ALAMEDA, Calif. — The Oakland Raiders have been more than a little busy since the NFL’s new year officially rang in on March 13. Not only have there been moves splashy enough to surely make HBO’s “Hard Knocks” overlords take notice — a trade for Antonio Brown, the largest contract ever handed out for an offensive lineman to Trent Brown, signing the polarizing and oh-so-throwback-to-the-Badass Raiders Vontaze Burfict — but the team has also addressed real and specific needs while doling out more than $101 million in guaranteed contracts.
To be sure, there are many more needs. The Raiders were 4-12 in Jon Gruden’s teardown season of 2018. But all the moves give the Raiders options heading into next month’s draft.
“The more you do in free agency, the more surgical you can be in the draft,” general manager Mike Mayock said.
And Mayock, along with Gruden, has positioned himself quite nicely.
Especially with half of the Raiders’ eight picks coming in the first 35 selections, at Nos. 4, 24, 27 and 35.
Go ahead, try cobbling together a depth chart — in March, mind you — using the 71 players currently on Oakland’s roster and see what jumps out at you.
Yes, before adding journeyman Mike Glennon on Friday, Nathan Peterman was the Raiders’ only other quarterback, besides $125 million man Derek Carr, so maybe Gruden’s purported interest in Kyler Murray and Dwayne Haskins is not simply a smokescreen.
True, the Raiders have a lot of shuffling to do on the offensive line and probably need to draft a road-grading guard. Still, there are options currently on the roster, like putting Trent Brown at left tackle, moving Kolton Miller to right tackle, switching Gabe Jackson from right guard to his more natural left guard, inserting Denzelle Good at right guard and continuing to ride Pro Bowler Rodney Hudson at center. Signing journeyman interior lineman Jordan Devey was good for depth.
Oakland has only two edge rushers (Arden Key and Josh Mauro) under contract, and they have a combined four career sacks. The Raiders had the fewest sacks in the NFL last year with 13 and surely, if either Nick Bosa or Josh Allen is there at No. 4, they will strike. If the Raiders don’t really “like” the cluster of players sitting there at that pick, there’s no shame in trading down a few spots and still addressing the position with the likes of Rashan Gary, Montez Sweat or Clelin Ferrell.
And what about running back? Does Oakland’s favorite son, Marshawn Lynch, have one more ride for The Town in him? Does Gruden even want him back, or would Doug Martin be more palatable? Because as nice a player as Jalen Richard is, he does not figure to be an every-down back. Same with fellow Mighty Mite DeAndre Washington.
Oh, and with Jared Cook reportedly closing in on signing with the New Orleans Saints, are the Raiders ready to anoint Darren Waller the top pass-catching tight end on the roster, or would either of the Iowa tight ends, T.J. Hockenson or Noah Fant, fit the bill late in the first round?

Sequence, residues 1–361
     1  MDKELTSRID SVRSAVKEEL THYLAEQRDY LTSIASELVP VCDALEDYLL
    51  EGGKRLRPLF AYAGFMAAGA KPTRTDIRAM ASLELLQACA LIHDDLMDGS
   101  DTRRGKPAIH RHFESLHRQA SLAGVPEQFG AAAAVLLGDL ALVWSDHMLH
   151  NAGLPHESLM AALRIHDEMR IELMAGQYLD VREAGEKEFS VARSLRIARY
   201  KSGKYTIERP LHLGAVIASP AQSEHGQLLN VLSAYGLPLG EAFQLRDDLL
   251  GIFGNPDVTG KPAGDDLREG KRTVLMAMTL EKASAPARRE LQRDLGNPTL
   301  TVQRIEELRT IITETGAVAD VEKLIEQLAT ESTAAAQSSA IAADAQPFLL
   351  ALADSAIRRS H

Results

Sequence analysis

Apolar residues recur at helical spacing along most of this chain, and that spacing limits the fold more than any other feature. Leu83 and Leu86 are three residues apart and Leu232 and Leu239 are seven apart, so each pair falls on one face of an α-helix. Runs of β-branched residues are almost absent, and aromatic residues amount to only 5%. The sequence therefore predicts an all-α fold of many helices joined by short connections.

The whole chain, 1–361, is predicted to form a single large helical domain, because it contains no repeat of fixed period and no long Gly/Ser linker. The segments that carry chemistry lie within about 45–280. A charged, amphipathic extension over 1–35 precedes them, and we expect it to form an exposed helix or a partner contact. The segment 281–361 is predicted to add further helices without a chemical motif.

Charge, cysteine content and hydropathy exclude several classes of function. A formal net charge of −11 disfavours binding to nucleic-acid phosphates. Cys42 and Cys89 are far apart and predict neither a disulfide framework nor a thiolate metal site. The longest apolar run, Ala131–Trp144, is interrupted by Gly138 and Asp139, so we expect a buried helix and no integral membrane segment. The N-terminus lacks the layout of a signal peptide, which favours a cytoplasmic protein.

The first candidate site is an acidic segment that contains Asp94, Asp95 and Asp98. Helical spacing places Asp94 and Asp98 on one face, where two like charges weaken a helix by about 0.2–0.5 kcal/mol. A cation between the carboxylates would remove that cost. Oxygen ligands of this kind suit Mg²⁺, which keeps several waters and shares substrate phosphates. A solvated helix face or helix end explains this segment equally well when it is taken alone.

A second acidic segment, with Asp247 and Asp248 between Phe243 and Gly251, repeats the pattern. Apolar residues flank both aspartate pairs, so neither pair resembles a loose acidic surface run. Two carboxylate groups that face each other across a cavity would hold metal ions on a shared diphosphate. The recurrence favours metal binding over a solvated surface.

Same at safety, because though Lamarcus Joyner is a good get for Oakland, he probably gets more run at nickel cornerback, along with Nevin Lawson, so someone like Delaware’s Nasir Adderley could be a late first-round target to pair with Karl Joseph. Unless Friday’s signing of 6-foot Curtis Riley makes him the starter at free safety.
“We don’t want to have a good receiving corps,” Gruden said. “I want to have the best receiving corps in football.”
Yes, Mr. Big Chest is the new Alpha Dog in the room, and Tyrell Williams is a nice No. 2, but Seth Roberts remains a cut candidate. J.J. Nelson is fast, while Marcell Ateman is a big target down the sideline. Combine warrior D.K. Metcalf, anyone? And what if the cut Jordy Nelson comes back on a cheaper deal?
Yeah, there are holes to fill. But having had what seems to be a successful start to free agency — Oakland has about $27 million remaining in salary-cap space and needs some $13 million to $15 million of that for its current eight draft picks — Mayock, Gruden & Co. have positioned themselves well for April.
“We’ve gotten better, we have some resources in the draft that can continue that process and as I’ve said all along, I don’t think you can rush this,” Gruden said. “You have to do what you deem is right. Players don’t become available all the time. You can’t make all the necessary improvements. It takes a little bit of time. But we’re confident that we’re heading in the right direction.”
In the past 19 years, only the 2000 New York Jets have had more first-round draft picks in a single season, with four. The Jets turned those picks into a 9-7 record in the ensuing season. The 2017 Cleveland Browns (0-16), 2013 Minnesota Vikings (5-10-1) and 2001 Rams (14-2 and a Super Bowl appearance) all had three first-rounders, like the Raiders do at the moment.
Mayock, ever the realist, waxed poetic.
“I think we need to get better everywhere,” he said. “Whenever you make significant signings, what it does from a team-needs perspective is maybe it allows you to concentrate in some other areas. I’ve always been a big believer in the draft that value is value regardless of position.
“We’re excited about those first four picks in the first 35. That’s outstanding, but we have to hit everywhere else and that’s the game plan.”
Makes sense, right?